Newly knighted, Alanna of Trebond seeks adventure in the vast desert of Tortall. Captured by fierce desert dwellers, she is forced to prove herself in a duel to the death—either she will be killed or she will be inducted into the tribe. Although she triumphs, dire challenges lie ahead. As her mythic fate would have it, Alanna soon becomes the tribe’s first female shaman—despite the desert dwellers’ grave fear of the foreign woman warrior. Alanna must fight to change the ancient tribal customs of the desert tribes—for their sake and for the sake of all Tortall.

Lioness Rampant, Book Four

“I’m not sure I want to be a hero anymore.”

Having achieved her dream of becoming the first female knight errant, Alanna of Trebond is not sure what to do next. Perhaps being a knight errant is not all that Alanna needs….But Alanna must push her uncertainty aside when a new challenge arises. She must recover the Dominion Jewel, a legendary gem with enormous power for good — but only in the right hands. And she must work quickly. Tortall is in great danger, and Alanna’s archenemy, Duke Roger, is back — and more powerful than ever. In this final book of the Song of the Lioness quartet, Alanna discovers that she indeed has a future worthy of her mythic past — both as a warrior and as a woman.

Add your review of any or all of the Song of the Lioness books in comments!

Friday, December 13, 2019

LGBTQ2 - Have You Seen the "2" and Do You Know What it Means?

Language evolves, and so does the acronym representing the Queer community.

One of the latest shifts has been to include the numeral 2, taking us from LGBTQ to LGBTQ2. The number 2 stands for Two-Spirit, to embrace and include indigenous Queer people.

Watch this InQueery video, What Does "Two-Spirit" Mean?, for a great six-minute explanation by Geo Neptune:

"In recent years, many native people are returning to the Two-Spirit traditions as a way to heal from the injustices the American colonial project has vitited upon their ancestors and traditions...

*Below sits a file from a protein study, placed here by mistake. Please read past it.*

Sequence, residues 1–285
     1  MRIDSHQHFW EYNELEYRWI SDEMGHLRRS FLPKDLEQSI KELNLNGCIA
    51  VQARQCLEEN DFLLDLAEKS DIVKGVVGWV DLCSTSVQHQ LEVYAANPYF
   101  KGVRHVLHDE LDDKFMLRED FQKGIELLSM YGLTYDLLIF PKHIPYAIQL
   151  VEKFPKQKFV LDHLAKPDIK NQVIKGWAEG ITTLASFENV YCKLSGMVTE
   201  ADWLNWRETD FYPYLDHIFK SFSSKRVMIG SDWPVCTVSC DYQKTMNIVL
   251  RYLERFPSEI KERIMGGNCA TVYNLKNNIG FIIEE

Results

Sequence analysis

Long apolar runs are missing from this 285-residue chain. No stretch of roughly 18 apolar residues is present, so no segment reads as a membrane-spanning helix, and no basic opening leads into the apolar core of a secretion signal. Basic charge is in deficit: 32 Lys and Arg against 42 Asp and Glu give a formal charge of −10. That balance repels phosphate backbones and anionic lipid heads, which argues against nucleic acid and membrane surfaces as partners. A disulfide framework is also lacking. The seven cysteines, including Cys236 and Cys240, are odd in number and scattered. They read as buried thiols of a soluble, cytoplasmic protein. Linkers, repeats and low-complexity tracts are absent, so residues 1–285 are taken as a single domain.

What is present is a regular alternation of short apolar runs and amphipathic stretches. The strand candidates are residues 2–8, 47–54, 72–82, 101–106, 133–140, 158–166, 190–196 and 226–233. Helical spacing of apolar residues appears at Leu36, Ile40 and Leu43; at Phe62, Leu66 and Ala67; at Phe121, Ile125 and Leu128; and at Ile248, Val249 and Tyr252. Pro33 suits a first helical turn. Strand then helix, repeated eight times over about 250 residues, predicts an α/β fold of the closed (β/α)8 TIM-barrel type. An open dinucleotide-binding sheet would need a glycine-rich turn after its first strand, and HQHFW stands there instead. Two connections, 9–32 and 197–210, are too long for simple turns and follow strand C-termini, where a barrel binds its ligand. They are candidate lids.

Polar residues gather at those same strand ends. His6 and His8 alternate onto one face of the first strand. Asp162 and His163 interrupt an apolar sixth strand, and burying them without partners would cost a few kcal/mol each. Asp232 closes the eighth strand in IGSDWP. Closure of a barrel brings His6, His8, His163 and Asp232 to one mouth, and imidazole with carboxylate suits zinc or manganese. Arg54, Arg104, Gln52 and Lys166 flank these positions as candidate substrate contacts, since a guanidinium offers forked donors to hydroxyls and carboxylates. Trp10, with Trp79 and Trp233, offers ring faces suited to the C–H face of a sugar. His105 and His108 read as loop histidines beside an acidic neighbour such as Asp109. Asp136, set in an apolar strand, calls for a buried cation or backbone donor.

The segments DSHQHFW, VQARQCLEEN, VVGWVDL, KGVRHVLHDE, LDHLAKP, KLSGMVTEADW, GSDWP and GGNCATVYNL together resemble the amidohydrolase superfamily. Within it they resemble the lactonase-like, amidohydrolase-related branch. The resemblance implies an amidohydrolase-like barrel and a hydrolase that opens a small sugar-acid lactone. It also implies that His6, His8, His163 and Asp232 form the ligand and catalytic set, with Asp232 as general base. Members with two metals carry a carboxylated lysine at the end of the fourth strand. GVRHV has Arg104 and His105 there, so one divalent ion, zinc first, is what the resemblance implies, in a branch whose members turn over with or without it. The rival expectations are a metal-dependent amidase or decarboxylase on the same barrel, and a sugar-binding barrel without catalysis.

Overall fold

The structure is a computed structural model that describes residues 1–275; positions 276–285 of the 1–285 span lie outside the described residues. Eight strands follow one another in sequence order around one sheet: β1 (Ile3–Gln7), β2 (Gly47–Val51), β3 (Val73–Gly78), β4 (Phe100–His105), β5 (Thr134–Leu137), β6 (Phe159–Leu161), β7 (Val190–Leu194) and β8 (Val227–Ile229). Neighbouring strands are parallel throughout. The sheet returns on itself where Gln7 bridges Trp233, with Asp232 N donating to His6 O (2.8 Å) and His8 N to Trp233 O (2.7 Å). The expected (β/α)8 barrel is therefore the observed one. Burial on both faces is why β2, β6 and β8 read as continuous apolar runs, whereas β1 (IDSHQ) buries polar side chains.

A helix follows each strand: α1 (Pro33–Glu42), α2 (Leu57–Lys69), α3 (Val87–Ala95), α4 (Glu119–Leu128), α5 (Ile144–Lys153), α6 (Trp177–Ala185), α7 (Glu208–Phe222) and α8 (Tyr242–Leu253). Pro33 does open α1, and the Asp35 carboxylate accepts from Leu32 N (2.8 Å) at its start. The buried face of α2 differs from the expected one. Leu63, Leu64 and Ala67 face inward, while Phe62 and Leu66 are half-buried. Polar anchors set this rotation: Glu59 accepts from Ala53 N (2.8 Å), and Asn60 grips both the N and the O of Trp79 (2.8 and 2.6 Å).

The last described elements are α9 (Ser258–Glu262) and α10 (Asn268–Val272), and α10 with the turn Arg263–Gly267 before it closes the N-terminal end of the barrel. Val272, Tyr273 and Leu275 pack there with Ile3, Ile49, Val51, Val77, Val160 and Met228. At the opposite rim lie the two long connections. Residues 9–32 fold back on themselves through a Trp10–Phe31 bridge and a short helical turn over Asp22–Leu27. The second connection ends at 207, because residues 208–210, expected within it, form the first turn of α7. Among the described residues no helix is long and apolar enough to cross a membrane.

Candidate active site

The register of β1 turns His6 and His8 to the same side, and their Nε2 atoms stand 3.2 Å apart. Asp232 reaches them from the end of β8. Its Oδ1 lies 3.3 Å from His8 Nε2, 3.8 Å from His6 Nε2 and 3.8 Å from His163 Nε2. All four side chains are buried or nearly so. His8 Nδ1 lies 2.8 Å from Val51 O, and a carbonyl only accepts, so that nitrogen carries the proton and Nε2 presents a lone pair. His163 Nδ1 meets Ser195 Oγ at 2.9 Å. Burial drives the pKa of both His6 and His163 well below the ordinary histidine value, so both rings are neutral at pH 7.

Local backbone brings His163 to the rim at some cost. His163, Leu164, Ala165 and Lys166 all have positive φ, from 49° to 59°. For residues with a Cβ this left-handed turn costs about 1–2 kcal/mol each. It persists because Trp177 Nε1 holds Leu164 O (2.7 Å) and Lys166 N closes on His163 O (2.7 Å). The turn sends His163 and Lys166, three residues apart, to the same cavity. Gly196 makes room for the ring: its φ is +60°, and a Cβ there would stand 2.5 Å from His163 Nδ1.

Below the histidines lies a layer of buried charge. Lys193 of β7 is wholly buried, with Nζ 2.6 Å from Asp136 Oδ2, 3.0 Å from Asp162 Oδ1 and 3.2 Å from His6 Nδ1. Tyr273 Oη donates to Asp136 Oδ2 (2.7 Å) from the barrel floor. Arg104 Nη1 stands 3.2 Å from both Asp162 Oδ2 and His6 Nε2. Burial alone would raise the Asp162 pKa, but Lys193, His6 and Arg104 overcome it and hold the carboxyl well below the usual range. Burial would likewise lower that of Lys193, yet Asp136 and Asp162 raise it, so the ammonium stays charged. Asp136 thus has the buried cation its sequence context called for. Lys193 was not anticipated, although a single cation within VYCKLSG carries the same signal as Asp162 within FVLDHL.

Two-Spirit identity is resilient and precious. It has survived centuries of colonial violence and prejudice. These sacred ways of knowing live on amongst native youth seeking to know more about themselves, elders who have kept the traditions alive despite the odds, and anyone in between." - Geo Neptune.

As Geo explains further in this article about them in Maine the Magazine,
A two-spirit, Neptune says, is “both male and female, yet neither female nor male.”

I'm really glad to have learned this, and happy to share.

The light in me recognizes and acknowledges the light in you,

Wednesday, December 11, 2019

Homophobia Smack-Down: Indigenous People Champion the LGBTQ Community When a City Council Wouldn't

I love this story over at Upworthy by Annie Reneau, A city council voted down a rainbow crosswalk. Now residents have painted 16 of them.

In September of 2019, a proposal to install a rainbow crosswalk in the city of Chilliwack, British Columbia was voted down by the city council. Dissenters argued that such a crosswalk would be seen as a "political statement" and would be "divisive," but according to Yahoo! News, that hasn't stopped people from installing 16 of them on privately owned property...

"The city does not have jurisdiction over our lands so we are free to paint them to demonstrate our support for being an inclusive community," Dave Jimmie, president of the Ts'elxweyeqw Tribe, told Maple Ridge News.

How amazing is that?

The article shows lots more photos of rainbow crosswalks on private property, along with messages of support by the folks who painted them.

Read the full article here.

The light in me recognizes and acknowledges the light in you,

Monday, December 9, 2019

The December 2019 Lee Wind Video Newsletter

Hi Community!

Here's the latest...

Watch the under six minute video by clicking the still frame above or clicking here:


Hi Community,
It’s December 2019, and this is my video newsletter.

I’m Lee Wind, and the whole point of this is to educate, inform, and hopefully inspire YOU.
Let's get started...

Queer History is Everywhere!

So this month, the thing I'm really excited about is this whole idea of the Statue of Liberty actually being a guy.